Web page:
As a self confessed ShadowProtect user, I was curious about this product. Not sure I want to give it a try. Reliablity is the most paramount thing to me. I want to be sure I can restore.

    Do keep us posted about what and how your doing. As I said excellent post.

    Pete
     
  3. Blackcat

    Blackcat Registered Member

    Joined:
    Nov 22, 2002
    Posts:
    4,010
    Location:
    Christchurch, UK
    Nice post, MatiasNino

    Some good observations. Any ideas why your restore from the network failed?

    Tempted to give it a try now.
     
  4. MatiasNino

    MatiasNino Registered Member

    Joined:
    Oct 26, 2007
    Posts:
    4
    UPDATE:

    Well, after testing out the universally restored system on my new laptop, I discovered some issues that convinced me to just reinstall from scratch:

    1) Adobe's CS3 software needed to be reinstalled and reactivated (my guess is the Adobe's activation is tied to the hardware.
    2) Microsoft Jet Database service. This is wierd. I run IIS and any app that utilized an Access database would no longer run with a "Microsoft Jet 4.0 not registered on this computer" error.
    3) Misc strange vista errors (screen won't come on, sidebar wont' load at startup) These could just be the new laptop's crappy dell drivers though.

    Error #2 convinced me to just reinstall from scratch. Who knows what kindof deep-seeded dll's and components have hardware-bound registrations that are now broken but that I'll only find out about at the worst possible moment.

    Anyhow, this led me to the realization that "Universal Restore" is not the holy grail it appears to be. Yes, it will restore a system onto different hardware and it will work. However, there will always be some software or dll registration that has dependencies on the hardware that will no longer work on the new system.

    My recommendation is that Universal Restore should only be used when a fresh re-install is not feasible.
     
  5. Peter2150

    Peter2150 Global Moderator

    Joined:
    Sep 20, 2003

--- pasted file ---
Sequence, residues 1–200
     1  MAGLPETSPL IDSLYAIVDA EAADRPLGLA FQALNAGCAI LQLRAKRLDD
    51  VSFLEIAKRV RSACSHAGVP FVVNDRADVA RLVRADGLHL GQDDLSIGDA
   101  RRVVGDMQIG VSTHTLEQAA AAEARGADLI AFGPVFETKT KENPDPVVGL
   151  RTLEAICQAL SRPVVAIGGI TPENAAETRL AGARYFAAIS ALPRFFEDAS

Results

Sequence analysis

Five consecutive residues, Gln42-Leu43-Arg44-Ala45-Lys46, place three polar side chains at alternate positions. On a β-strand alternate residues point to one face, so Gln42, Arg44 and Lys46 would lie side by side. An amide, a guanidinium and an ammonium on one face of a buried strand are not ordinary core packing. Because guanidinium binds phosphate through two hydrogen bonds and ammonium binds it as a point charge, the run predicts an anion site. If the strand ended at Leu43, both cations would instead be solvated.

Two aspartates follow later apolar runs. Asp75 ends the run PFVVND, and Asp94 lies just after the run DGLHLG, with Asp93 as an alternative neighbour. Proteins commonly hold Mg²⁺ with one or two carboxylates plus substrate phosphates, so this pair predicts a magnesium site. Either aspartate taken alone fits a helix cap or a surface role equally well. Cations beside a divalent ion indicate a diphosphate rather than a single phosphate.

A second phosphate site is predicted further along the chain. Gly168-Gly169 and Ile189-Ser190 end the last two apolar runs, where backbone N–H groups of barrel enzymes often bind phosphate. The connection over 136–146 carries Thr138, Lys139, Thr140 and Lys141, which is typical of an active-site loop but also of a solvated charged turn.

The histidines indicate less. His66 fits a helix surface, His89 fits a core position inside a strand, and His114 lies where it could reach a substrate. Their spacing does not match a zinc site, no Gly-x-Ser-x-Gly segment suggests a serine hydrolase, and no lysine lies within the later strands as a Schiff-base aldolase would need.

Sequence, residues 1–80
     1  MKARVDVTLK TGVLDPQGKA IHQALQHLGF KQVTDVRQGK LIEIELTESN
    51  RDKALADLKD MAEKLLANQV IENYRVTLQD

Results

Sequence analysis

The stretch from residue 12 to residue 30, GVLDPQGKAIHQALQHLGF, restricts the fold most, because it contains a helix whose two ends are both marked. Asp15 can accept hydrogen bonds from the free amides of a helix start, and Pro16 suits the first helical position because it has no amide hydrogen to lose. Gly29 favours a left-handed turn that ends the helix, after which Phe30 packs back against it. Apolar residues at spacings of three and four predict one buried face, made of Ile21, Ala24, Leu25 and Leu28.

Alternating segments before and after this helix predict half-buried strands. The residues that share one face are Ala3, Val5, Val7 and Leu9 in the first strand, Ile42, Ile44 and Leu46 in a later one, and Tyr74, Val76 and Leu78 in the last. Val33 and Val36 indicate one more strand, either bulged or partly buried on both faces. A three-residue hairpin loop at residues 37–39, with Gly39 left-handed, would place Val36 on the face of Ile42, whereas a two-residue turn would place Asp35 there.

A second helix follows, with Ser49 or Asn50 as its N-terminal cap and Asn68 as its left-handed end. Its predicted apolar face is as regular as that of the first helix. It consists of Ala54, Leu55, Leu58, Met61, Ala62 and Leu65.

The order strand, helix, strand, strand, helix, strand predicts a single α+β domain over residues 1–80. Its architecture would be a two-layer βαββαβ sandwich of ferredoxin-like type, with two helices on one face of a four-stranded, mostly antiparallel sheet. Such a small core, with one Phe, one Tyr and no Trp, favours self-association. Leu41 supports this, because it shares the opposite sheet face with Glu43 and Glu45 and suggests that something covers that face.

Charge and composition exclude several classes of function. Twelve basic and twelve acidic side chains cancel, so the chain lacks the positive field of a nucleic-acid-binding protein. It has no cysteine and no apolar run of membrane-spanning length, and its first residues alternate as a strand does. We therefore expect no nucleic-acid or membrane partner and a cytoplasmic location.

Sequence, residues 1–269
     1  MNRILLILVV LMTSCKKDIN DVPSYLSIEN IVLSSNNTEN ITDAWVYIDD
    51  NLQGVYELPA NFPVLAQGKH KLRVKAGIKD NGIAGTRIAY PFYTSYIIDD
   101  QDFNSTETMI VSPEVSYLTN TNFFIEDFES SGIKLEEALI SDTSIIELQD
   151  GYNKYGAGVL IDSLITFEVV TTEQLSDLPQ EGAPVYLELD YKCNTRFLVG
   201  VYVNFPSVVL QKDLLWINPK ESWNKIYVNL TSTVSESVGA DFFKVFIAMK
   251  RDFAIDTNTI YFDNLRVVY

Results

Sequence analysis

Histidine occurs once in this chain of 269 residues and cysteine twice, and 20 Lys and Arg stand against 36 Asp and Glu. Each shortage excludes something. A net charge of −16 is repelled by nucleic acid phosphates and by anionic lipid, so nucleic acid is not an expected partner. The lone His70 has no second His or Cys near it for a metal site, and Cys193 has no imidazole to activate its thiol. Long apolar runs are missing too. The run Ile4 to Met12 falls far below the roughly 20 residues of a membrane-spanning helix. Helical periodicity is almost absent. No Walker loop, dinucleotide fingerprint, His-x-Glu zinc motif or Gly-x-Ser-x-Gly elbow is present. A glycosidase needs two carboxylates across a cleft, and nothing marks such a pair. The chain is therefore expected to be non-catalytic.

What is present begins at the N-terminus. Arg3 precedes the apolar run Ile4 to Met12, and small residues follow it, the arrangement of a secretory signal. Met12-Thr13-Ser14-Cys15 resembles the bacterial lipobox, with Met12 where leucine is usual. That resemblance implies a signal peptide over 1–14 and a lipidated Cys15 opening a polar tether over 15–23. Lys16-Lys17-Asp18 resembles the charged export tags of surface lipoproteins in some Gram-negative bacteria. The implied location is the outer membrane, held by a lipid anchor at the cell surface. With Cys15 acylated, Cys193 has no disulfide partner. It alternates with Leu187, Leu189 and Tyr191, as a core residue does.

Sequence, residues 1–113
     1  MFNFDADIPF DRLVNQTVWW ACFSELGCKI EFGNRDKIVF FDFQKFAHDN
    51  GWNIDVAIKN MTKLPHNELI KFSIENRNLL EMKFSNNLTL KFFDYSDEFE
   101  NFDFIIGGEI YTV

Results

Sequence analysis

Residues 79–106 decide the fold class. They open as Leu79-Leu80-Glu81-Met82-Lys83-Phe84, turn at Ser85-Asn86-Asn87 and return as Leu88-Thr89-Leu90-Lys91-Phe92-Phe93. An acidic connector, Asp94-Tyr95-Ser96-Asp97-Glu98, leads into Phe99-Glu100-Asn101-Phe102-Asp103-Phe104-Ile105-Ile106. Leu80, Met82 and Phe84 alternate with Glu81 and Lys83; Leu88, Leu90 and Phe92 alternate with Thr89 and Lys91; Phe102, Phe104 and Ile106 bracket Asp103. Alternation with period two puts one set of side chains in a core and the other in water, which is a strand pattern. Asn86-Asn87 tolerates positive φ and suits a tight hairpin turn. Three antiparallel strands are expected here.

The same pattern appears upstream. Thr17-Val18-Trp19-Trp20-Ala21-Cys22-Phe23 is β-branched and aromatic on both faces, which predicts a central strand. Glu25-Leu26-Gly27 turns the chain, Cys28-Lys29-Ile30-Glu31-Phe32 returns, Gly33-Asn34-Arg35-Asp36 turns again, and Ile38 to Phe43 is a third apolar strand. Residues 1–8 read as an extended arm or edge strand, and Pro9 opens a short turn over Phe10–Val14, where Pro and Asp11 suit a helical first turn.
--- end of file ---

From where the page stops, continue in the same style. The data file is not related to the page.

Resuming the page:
Posts:
    17,055
    Absolutely good point. Not familiar with drive clone, but tested Shadowprotect's HIR extensively and it works amazingly well. BUT BUT..... you have to understand it's objective is to get it on a new system and have the system boot up to windows. Period

    If the systems are really very close hardware wise, you might be all set to go. But if the system aren't close it's not worth the effort.

    Also when I did try it, Windows itself detected the different hardware and wanted re activation. I didn't test office and some other programs but would be surprised if they also did.

    Pete
     
  6. markymoo

    markymoo Registered Member

    Joined:
    Sep 25, 2007
    Posts:
    1,212
    Location:
    England
    Usually a good practice for making a universal image is just to put the bare minimum on it like drivers and few apps and nothing hefty. Having it actually work on all pcs is the main accomplishment and anything else is a bonus.

    This was the only commercial program that makes universal images work. The inventors of ghost before norton messed it up.
    http://binaryresearch.net/products/the_universal_imaging_utility
     
  7. appster

    appster Registered Member

    Joined:
    Jun 19, 2007
    Posts:
    530
    Location:
    Paradise (Hawaii)
    I (for one) would be very interested in hearing about DriveClone 3.5's 'Instant Snapshots'. How convenient and how fast can they be created & restored? Also, how much disk-space do they consume (relative to the space being backed up)?, etc., etc.
     
  8. mhf

    mhf Registered Member

    Joined:
    Feb 13, 2006
    Posts:
    52
    Location:
    Europe
    Some more observations about DriveClone Pro.

    Thanks MatiasNino for that very good analysis.